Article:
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Infect Immun. 1991 Oct;59(10):3463-71.

Intercellular spread of Shigella flexneri through a monolayer mediated by membranous protrusions and associated with reorganization of the cytoskeletal protein vinculin.

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Department of Microbiology, GBF-National Research Center for Biotechnology, Braunschweig, Germany.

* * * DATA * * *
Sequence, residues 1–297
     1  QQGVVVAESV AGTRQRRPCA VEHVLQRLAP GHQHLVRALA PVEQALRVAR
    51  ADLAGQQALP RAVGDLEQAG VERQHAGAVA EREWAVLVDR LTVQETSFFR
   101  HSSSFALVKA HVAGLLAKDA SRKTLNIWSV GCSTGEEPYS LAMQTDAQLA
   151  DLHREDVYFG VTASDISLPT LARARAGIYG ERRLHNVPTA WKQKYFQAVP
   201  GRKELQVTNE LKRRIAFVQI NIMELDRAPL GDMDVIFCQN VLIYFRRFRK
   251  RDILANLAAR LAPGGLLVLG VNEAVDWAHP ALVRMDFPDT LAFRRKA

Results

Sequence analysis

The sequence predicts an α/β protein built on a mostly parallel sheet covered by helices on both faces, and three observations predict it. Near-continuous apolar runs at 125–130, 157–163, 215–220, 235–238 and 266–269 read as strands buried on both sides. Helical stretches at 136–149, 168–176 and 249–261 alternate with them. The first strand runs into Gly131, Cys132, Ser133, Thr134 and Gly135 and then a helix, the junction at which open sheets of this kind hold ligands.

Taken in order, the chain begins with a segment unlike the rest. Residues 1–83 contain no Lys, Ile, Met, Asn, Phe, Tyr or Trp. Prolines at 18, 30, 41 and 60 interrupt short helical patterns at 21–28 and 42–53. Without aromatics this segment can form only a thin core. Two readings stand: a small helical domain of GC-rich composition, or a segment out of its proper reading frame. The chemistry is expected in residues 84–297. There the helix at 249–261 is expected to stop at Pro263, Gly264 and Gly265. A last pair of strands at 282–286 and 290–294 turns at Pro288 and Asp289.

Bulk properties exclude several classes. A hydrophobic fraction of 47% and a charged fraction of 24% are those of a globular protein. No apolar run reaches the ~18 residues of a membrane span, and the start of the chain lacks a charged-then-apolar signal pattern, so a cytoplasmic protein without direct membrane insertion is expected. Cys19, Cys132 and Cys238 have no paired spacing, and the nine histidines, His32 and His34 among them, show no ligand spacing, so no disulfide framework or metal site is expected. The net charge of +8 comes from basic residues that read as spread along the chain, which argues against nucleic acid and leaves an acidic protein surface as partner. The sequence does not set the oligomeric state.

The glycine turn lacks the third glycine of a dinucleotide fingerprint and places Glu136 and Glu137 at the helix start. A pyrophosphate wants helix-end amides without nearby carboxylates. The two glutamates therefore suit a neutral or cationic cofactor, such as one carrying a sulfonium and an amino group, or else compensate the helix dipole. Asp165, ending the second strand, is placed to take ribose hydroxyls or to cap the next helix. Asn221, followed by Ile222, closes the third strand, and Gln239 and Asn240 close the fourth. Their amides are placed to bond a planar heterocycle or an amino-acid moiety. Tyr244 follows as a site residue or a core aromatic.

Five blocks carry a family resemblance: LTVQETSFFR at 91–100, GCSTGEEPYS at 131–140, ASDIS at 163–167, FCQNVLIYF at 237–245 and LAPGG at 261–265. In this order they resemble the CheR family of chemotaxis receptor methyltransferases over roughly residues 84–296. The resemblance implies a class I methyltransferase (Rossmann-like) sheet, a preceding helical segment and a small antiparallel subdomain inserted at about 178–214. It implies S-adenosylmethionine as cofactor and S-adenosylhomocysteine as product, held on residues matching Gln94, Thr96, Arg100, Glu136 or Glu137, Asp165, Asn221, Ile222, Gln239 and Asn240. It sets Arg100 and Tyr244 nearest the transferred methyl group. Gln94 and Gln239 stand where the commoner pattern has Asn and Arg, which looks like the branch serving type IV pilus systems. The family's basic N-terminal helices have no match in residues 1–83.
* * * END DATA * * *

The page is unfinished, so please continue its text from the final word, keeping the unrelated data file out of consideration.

The spread of Shigella flexneri in a monolayer of infected Henle and HeLa cells was studied by using immunofluorescence and electron microscopy. Infected cells produced numerous bacterium-containing membranous protrusions up to 18 microns in length that penetrated adjacent cells and were subsequently phagocytosed. Fluorescence staining of actin and vinculin in infected cells with phalloidin and monoclonal antibody to vinculin, respectively, demonstrated that the protrusions containing the bacteria consisted of these cytoskeletal proteins. Actin accumulated predominantly at the poles of bacteria distal to the tip of protrusions and appeared as trails extending back towards the host cell cytoplasm. Vinculin, however, was distributed uniformly around the bacteria and throughout the protrusion. A profound rearrangement of vinculin occurred in Henle and HeLa cells following infection with shigellae: whereas in uninfected cells it was distributed mainly around the cell periphery, in infected cells it concentrated mainly around clusters of bacteria in the cytoplasm. This suggests a possible involvement of the vinculin cytoskeletal protein in the intercellular spread of shigellae during an infection.

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